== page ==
Page 2 of 3 FirstFirst 123 LastLast
Results 21 to 40 of 42
  1. #21

    Join Date
    Nov 2001
    Location
    USA
    Posts
    24,950
    vCash
    500
    Rep Power
    91441
    Quote Originally Posted by Rock2 View Post
    Holy smokes. So the boy COULD skate with transitions. Totally impressed.
    The 6.0 system did not reward transitions much (so most skaters did not invest a lot in those); landing difficult jumps was the most important thing, but Petrenko had it all- the jumps, spins, strong basic skating skills, flair, and presence on the ice. He had versatility too. He could skate an emotional 'Tosca' as well as a fun number like the life-size doll as a prop. I loved his skate to Brian Adams' 'if you really love a woman' at Sergei's memorial.

  2. #22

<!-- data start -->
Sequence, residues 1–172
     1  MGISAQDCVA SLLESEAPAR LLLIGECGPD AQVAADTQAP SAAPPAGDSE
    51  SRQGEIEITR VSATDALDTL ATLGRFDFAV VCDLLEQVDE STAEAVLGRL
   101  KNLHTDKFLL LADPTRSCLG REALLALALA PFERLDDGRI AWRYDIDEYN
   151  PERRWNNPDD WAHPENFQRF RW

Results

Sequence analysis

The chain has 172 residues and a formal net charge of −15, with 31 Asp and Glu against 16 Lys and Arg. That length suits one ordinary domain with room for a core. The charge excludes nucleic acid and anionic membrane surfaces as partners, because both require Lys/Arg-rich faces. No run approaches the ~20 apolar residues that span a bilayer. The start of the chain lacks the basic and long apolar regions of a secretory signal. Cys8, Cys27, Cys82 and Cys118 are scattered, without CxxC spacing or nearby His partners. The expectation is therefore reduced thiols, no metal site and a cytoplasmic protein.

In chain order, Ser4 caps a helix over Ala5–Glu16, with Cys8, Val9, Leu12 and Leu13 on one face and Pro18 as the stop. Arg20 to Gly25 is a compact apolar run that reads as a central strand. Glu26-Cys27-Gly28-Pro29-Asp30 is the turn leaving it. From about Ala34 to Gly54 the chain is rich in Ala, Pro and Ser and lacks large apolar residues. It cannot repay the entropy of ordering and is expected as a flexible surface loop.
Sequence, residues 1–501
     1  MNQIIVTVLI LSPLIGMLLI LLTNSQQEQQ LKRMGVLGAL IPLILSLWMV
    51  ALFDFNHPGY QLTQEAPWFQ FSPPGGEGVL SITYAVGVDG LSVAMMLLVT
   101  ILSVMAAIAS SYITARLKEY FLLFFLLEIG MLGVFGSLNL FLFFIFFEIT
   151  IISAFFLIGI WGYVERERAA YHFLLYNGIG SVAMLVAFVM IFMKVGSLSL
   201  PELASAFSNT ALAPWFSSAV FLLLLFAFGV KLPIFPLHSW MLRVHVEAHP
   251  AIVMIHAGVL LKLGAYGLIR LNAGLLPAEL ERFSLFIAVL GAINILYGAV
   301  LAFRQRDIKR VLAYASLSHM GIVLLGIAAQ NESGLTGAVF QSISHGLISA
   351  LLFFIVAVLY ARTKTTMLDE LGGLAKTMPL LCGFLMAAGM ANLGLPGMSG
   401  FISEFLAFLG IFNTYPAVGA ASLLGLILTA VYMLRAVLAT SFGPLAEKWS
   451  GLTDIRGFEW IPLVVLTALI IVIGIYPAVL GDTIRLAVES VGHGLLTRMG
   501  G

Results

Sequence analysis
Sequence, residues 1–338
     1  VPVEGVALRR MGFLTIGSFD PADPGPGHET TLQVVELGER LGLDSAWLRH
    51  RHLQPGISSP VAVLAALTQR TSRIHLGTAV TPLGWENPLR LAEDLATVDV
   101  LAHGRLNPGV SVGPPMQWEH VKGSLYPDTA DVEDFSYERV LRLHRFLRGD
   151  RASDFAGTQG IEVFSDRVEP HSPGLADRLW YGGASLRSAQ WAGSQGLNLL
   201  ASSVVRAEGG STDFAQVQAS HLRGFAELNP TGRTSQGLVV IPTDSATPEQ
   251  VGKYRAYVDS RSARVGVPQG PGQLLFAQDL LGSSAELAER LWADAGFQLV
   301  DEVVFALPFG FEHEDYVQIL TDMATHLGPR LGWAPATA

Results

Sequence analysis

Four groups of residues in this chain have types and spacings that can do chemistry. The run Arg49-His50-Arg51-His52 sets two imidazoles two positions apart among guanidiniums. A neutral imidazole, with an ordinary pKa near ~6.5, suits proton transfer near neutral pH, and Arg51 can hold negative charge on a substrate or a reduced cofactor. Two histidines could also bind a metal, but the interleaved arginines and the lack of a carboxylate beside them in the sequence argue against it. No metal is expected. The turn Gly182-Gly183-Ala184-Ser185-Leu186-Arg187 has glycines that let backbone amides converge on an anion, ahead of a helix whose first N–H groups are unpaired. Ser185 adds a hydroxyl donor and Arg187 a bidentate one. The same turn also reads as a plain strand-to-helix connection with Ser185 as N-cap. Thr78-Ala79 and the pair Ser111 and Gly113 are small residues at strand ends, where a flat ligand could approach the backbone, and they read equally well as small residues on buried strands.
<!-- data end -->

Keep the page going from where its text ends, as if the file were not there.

Join Date
    Nov 2001
    Location
    USA
    Posts
    24,950
    vCash
    500
    Rep Power
    91441
    Quote Originally Posted by Sasha'sSpins View Post


    Petrenko is Ukrainian, not Russian.




    One of my all-time favorite Viktor Petrenko performances is when he starred as Clara's godfather Herr Drosselmeier in "Nutcracker on Ice" starring Oksana Baiul.
    In his first two Olympics he skated for the USSR (1988) and the former USSR's team (1992), so in a way he did grow up under the Russian influence. He could have easily moved to Moscow to take advantage of the superior facilities there, after his 1988 Olympic bronze, but he stayed in Odessa. So I don't think he really feels indebted to Russia in any way. He could still coach a Russian male skater, just as he could coach an American skater. I don't know of any strong contenders from Ukraine at this point.